Third, there is still a big divide on the necessity of a national lockdown. While some countries (interestingly, including North Korea) introduced a lockdown, the Korean government never introduced such comprehensive restrictions. The authors seemed to regard Italy as a “failure case” by saying that its lockdown stopped population mobility and paralyzed the economy. But it is difficult to say whether lockdown measures introduced by the Chinese government were another case of failure. Proponents of lockdowns argue that the Korean government should completely block all entry from foreign countries, particularly at the early stage. While China maintained restrictive measures on foreign entry, Korea maintained an open-door policy for all foreigners.

With regard the economic effects of COVID-19 on the Korean economy, the analysis and discussion made by the authors are quite relevant. I would like to discuss two points.

First, we have observed setbacks in the supply network during the crisis. Some core components required for production could not be supplied in time from China. While such temporary disruptions have returned to normal, there exists a growing recognition of the need to diversify such supply chain networks. Pursuing a reshoring policy could be an option, but the domestic environment to encourage relocation does not seem enticing. The authors said that the reshoring of high-tech industries to Korea still holds promise. However, it is unclear to me which high-tech industry in Korea is promising. Also, the authors state that the Digital New Deal policy announced by the Korean government in July is timely—but this policy was hastily designed without any specific projects. If implemented without due consideration of sound economic justifications, that policy would eventually leave the fiscal burden to the future generations.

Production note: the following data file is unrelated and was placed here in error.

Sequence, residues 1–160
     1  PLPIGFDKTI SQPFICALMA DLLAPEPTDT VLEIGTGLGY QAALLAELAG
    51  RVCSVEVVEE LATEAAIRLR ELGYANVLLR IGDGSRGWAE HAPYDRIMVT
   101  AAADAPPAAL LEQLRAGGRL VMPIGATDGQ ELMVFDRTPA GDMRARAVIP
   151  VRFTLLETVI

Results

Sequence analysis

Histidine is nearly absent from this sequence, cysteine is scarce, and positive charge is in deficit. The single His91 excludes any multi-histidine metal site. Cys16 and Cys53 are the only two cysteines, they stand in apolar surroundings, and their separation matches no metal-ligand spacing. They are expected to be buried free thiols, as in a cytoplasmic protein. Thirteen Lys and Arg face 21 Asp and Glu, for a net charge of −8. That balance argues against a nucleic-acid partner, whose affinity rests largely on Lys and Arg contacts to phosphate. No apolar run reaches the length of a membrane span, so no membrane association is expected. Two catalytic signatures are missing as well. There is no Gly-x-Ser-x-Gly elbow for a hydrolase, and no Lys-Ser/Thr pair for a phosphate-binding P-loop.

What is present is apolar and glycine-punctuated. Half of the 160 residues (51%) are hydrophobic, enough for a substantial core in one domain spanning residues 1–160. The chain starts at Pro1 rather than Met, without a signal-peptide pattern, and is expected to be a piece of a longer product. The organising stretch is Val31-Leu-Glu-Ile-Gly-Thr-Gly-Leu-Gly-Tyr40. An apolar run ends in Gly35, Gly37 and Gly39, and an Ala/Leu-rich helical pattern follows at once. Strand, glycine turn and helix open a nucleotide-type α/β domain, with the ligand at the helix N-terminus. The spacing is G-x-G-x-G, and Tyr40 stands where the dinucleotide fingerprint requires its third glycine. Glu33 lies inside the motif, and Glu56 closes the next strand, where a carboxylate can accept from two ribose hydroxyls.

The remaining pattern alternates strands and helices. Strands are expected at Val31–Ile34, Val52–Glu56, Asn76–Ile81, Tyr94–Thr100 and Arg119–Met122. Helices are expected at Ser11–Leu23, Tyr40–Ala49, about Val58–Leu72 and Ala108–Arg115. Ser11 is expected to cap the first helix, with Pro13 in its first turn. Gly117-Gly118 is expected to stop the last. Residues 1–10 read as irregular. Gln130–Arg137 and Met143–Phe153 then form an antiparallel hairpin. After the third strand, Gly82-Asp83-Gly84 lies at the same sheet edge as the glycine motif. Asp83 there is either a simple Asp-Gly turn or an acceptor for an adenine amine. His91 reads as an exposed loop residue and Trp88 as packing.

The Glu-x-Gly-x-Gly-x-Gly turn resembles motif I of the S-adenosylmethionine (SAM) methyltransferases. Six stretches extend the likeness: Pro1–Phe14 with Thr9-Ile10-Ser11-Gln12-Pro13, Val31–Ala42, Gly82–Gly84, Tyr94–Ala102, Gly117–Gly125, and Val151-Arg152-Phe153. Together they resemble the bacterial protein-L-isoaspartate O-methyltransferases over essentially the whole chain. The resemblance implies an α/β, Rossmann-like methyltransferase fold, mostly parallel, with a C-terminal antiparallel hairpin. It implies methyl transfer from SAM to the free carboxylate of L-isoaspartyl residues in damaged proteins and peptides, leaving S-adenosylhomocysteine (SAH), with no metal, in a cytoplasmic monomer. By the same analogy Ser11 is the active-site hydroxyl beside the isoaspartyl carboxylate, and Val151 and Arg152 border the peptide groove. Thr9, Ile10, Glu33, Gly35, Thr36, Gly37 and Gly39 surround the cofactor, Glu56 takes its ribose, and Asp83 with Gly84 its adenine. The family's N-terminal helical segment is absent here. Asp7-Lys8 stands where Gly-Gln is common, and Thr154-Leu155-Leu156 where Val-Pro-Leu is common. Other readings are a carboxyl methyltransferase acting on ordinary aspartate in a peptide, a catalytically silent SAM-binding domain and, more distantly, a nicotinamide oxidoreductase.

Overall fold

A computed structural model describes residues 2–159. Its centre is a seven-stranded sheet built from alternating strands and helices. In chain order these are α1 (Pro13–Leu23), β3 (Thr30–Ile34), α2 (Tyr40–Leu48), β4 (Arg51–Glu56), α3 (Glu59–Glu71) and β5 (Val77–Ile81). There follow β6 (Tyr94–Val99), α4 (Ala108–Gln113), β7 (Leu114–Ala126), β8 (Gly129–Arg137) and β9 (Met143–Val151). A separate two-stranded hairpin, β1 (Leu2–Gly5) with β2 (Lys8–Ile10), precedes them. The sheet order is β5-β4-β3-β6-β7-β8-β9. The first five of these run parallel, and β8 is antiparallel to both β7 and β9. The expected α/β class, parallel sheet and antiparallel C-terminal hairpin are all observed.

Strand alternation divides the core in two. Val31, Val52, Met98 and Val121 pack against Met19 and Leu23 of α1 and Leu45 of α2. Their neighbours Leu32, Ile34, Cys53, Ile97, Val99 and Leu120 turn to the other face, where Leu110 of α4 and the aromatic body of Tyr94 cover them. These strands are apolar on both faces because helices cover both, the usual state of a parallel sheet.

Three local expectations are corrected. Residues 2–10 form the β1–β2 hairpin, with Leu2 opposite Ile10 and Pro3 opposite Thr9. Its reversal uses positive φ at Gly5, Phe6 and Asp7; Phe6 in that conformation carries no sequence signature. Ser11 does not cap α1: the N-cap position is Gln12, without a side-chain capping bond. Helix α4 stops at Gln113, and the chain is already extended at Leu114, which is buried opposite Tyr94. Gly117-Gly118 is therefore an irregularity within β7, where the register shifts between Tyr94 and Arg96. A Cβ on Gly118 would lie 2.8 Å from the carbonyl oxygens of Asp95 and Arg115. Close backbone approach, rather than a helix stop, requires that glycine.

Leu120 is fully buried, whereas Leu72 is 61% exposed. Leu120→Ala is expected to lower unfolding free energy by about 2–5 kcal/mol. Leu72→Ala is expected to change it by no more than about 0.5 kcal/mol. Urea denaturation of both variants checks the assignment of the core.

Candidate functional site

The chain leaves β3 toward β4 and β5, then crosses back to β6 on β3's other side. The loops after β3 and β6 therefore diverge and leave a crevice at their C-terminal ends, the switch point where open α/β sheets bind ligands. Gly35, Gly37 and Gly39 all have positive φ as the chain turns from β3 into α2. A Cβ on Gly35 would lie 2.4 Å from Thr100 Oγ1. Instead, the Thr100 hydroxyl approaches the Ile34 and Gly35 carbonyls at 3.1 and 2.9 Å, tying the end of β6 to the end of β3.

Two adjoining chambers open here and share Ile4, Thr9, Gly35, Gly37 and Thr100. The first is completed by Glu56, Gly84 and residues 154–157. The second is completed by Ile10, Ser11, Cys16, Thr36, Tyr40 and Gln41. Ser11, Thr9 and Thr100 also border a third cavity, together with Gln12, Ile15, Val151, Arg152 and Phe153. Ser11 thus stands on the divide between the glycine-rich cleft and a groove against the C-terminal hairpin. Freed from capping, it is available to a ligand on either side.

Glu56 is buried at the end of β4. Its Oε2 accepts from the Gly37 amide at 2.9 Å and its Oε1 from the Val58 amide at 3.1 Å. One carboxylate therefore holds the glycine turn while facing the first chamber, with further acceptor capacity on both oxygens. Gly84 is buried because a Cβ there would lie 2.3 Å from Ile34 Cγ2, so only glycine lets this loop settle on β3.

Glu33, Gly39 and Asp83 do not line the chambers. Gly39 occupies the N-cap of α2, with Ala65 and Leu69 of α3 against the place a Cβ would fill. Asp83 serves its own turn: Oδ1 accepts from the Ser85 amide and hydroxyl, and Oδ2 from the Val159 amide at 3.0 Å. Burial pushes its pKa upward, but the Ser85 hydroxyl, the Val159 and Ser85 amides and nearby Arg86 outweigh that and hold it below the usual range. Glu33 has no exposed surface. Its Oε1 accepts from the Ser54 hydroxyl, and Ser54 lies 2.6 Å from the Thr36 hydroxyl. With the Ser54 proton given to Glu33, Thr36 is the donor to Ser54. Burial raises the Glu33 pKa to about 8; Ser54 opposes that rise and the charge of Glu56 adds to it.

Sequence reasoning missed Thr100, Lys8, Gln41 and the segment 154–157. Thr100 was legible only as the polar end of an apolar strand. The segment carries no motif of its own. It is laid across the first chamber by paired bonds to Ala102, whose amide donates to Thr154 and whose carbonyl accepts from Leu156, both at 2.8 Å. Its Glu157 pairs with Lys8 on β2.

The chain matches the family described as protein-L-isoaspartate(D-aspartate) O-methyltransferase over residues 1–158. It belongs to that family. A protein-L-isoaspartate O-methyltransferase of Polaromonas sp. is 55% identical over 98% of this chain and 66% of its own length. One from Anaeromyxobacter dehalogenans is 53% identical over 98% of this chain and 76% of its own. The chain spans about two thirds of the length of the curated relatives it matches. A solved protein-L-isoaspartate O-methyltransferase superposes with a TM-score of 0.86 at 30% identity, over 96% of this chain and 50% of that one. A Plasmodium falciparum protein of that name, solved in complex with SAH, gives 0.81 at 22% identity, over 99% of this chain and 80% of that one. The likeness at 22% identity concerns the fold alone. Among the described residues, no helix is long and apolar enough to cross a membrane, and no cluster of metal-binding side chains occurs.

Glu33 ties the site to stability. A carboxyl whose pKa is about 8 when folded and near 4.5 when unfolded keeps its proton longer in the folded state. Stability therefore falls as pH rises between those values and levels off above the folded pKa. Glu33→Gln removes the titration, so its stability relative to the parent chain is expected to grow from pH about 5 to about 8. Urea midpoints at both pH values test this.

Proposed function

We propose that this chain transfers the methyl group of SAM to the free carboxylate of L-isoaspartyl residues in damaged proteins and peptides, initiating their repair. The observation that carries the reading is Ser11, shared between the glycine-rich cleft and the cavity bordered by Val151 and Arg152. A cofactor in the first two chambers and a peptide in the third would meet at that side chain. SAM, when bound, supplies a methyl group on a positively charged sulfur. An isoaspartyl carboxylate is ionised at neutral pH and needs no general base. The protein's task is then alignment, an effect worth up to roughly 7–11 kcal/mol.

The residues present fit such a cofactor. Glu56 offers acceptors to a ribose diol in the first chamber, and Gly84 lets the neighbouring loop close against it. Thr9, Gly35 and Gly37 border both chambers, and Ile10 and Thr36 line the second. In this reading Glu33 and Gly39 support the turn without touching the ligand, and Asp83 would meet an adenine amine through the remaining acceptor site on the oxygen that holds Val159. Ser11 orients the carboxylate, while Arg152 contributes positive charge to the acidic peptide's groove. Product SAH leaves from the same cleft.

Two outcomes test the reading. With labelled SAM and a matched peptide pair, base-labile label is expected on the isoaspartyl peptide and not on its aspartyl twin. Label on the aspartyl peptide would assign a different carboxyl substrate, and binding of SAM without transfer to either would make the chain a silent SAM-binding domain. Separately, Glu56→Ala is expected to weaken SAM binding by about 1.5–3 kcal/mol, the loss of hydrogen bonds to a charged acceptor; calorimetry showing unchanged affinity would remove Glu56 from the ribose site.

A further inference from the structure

Second, serious concerns abound regarding the absence of any prudential assessment of the fiscal stimulus packages introduced by the Korean government. As correctly pointed out by the authors, there is no consideration of any fiscal consolidation plan in the future. The government of the day tried to justify this fiscal expansion on the basis of the COVID-19 pandemic, but this increase in fiscal expenditure is at an unprecedentedly high speed. Future governments will end up having to bear the heavy burden of resolving the country's ever-worsening fiscal malaise. Furthermore, the authors also pointed out that if the Korean government faithfully followed the IMF's Government Financial Statistics Manual, Korea's real national debt is actually expected to exceed 100 percent. A real danger here is the absence of checks and balances mechanisms in Korea's national assembly. Historically in Korea, conservative parties always pushed for fiscal soundness, but today even the conservative People's Power Party has proposed a “Korean-style basic income” with other progressive policies as a centerpiece of its new economic policy slogan. Although the expansion of populist policies is a worldwide trend amid the prolonged COVID-19 crisis, the government should prepare a plan to mitigate the rapidly rising national debt. Otherwise, the country faces a difficult path to return to fiscal soundness, as deleveraging the national debt would be a painful process.